Last October I bought a 70-year-old wallpaper brush, with an oak handle, old tin, and bristles worn into a wavy edge. I love its age and imperfections. And its size is great for painting large art panels. My whole body gets into the act as it travels the surface.
This is the second antique brush I’ve bought in recent months, and I realize there are reasons behind this impulse.
Full disclosure #1: My current focus on hands no doubt can be traced to a recent (and fortunately minor) fracture of my left hand at the base of a finger. I have gained new respect for all our hands do for us— how very important it is to grasp and to hold.
Full disclosure #2: My mother turned her hobby into an antique business in her later life. She found beauty in common objects, especially those forged, whittled and sewn by hand. She loved to learn about their cultural and industrial contexts. Her birthday is just around the corner. I miss her, and thank her for sharing her deep appreciation of human history and artifacts.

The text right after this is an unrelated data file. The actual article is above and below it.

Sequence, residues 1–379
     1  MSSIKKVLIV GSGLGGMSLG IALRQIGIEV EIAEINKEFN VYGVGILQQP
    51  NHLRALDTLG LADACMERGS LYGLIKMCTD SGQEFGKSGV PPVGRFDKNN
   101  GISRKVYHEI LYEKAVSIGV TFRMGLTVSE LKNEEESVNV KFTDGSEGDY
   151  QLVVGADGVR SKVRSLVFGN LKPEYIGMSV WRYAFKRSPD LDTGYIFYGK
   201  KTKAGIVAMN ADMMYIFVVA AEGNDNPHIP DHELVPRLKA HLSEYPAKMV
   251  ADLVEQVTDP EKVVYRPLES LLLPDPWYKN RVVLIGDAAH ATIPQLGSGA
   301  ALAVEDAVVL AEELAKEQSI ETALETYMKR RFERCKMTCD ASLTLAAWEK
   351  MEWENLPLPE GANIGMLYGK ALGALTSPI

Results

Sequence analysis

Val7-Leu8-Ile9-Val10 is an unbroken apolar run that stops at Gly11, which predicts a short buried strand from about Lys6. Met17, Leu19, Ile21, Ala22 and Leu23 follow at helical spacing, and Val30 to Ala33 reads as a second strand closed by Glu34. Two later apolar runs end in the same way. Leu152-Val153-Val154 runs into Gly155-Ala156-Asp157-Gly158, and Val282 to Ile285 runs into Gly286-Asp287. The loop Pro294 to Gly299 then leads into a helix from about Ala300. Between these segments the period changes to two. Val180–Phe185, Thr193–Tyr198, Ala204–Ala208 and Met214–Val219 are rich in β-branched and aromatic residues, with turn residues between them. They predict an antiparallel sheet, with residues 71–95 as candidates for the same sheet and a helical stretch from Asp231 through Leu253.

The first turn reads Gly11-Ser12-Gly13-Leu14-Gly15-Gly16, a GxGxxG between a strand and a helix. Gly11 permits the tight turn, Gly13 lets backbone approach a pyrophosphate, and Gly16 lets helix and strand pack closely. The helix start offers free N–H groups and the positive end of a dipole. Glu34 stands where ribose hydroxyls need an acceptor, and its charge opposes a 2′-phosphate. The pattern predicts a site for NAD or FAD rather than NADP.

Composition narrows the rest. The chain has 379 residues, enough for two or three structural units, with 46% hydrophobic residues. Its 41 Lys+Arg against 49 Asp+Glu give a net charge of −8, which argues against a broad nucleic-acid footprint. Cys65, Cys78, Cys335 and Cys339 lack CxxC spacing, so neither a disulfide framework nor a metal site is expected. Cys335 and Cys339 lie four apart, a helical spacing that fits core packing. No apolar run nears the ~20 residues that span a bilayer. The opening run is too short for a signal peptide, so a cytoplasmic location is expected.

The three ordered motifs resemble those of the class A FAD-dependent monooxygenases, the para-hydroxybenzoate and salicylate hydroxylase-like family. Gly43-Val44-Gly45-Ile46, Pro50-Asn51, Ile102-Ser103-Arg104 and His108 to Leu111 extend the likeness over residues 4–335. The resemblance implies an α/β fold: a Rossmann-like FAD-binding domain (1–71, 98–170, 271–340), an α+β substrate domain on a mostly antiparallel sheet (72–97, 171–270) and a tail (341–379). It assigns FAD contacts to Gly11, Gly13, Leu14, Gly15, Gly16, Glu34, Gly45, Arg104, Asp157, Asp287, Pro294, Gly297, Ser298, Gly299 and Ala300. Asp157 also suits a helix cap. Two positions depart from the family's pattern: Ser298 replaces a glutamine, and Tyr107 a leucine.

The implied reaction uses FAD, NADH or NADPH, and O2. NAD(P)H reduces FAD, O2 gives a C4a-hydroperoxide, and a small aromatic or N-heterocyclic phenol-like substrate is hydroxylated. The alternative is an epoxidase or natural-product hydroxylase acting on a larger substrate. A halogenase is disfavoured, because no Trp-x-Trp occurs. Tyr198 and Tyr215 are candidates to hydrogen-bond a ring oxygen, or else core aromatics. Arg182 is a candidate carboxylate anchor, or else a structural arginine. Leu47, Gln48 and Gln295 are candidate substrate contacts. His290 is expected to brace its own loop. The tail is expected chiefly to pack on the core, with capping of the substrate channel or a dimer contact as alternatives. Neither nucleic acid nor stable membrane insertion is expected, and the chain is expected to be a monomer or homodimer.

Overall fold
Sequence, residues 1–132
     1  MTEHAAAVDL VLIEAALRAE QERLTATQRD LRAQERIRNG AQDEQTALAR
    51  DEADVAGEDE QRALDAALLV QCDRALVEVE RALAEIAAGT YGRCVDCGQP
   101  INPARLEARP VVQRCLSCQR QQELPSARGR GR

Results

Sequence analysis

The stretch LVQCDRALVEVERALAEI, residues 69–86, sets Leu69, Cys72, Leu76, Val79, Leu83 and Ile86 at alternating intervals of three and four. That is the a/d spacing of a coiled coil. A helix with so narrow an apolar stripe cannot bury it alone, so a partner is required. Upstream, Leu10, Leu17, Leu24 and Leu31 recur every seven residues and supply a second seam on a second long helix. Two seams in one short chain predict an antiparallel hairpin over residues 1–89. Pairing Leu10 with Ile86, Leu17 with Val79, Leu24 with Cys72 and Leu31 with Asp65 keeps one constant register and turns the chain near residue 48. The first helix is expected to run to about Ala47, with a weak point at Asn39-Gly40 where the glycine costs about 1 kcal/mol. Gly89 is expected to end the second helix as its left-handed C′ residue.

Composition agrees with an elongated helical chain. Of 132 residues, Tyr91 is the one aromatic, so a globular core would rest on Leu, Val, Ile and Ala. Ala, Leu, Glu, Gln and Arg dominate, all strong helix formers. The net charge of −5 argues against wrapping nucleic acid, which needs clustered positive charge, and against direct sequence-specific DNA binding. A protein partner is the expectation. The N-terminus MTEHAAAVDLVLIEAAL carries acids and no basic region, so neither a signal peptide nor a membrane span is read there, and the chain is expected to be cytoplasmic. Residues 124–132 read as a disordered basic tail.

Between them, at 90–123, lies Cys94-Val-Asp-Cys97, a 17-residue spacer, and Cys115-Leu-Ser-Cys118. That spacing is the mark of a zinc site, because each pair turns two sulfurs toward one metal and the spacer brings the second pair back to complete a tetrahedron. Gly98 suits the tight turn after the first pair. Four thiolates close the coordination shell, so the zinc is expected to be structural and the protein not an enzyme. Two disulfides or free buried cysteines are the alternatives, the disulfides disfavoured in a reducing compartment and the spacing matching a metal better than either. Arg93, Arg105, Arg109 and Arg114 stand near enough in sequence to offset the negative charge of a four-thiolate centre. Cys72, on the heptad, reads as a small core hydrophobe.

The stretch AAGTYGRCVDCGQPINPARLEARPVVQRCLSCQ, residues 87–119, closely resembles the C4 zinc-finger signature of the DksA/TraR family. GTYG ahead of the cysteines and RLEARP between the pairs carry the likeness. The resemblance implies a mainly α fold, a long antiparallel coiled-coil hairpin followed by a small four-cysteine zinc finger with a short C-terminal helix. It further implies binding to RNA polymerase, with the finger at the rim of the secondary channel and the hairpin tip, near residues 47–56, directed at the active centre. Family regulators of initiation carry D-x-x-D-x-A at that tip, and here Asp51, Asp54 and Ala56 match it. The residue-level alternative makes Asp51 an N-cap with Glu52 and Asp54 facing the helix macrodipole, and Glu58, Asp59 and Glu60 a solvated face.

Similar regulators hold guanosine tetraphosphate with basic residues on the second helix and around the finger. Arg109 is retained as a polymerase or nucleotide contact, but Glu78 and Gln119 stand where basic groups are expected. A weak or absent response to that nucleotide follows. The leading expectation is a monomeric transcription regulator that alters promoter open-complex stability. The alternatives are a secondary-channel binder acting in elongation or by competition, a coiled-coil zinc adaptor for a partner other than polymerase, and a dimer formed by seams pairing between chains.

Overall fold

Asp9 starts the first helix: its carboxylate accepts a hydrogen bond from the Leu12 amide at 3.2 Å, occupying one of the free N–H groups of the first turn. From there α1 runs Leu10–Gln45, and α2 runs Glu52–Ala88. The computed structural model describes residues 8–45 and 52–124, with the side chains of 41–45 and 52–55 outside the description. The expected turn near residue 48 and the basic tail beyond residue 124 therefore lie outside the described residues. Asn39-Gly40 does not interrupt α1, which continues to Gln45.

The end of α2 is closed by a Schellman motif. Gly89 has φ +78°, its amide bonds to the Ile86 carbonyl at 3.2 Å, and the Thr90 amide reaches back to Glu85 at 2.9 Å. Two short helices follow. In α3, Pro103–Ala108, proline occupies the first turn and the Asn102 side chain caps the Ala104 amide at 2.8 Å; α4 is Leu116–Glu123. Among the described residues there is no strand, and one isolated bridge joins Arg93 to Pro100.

Like her, I find wonder in an object created or used by another’s hands. I’m drawn to ceramic bowls, cups, pitchers. I want to touch every wood, metal or stone sculpture I’ve encountered. I love to run my fingers across fabrics of wearable art and old quilts.
This strikes me as more than an appreciation of the work of artisans and more than a well-developed kinesthetic sense. Touching something others have touched brings a reminder of continuity and connection. Other fingers were here. Another life touches my own. Our histories merge across time.
Today, I paint with an old brush. As I hold it I sense the stories of others. What were they thinking as they used it, I wonder? Where did they live? What kind of lives did they lead? Others join me in my studio, and open me to new creative energies. And I am grateful for the company.
Across Time and Space (30″ x 30″ Oil with cold wax, marble dust, pastels)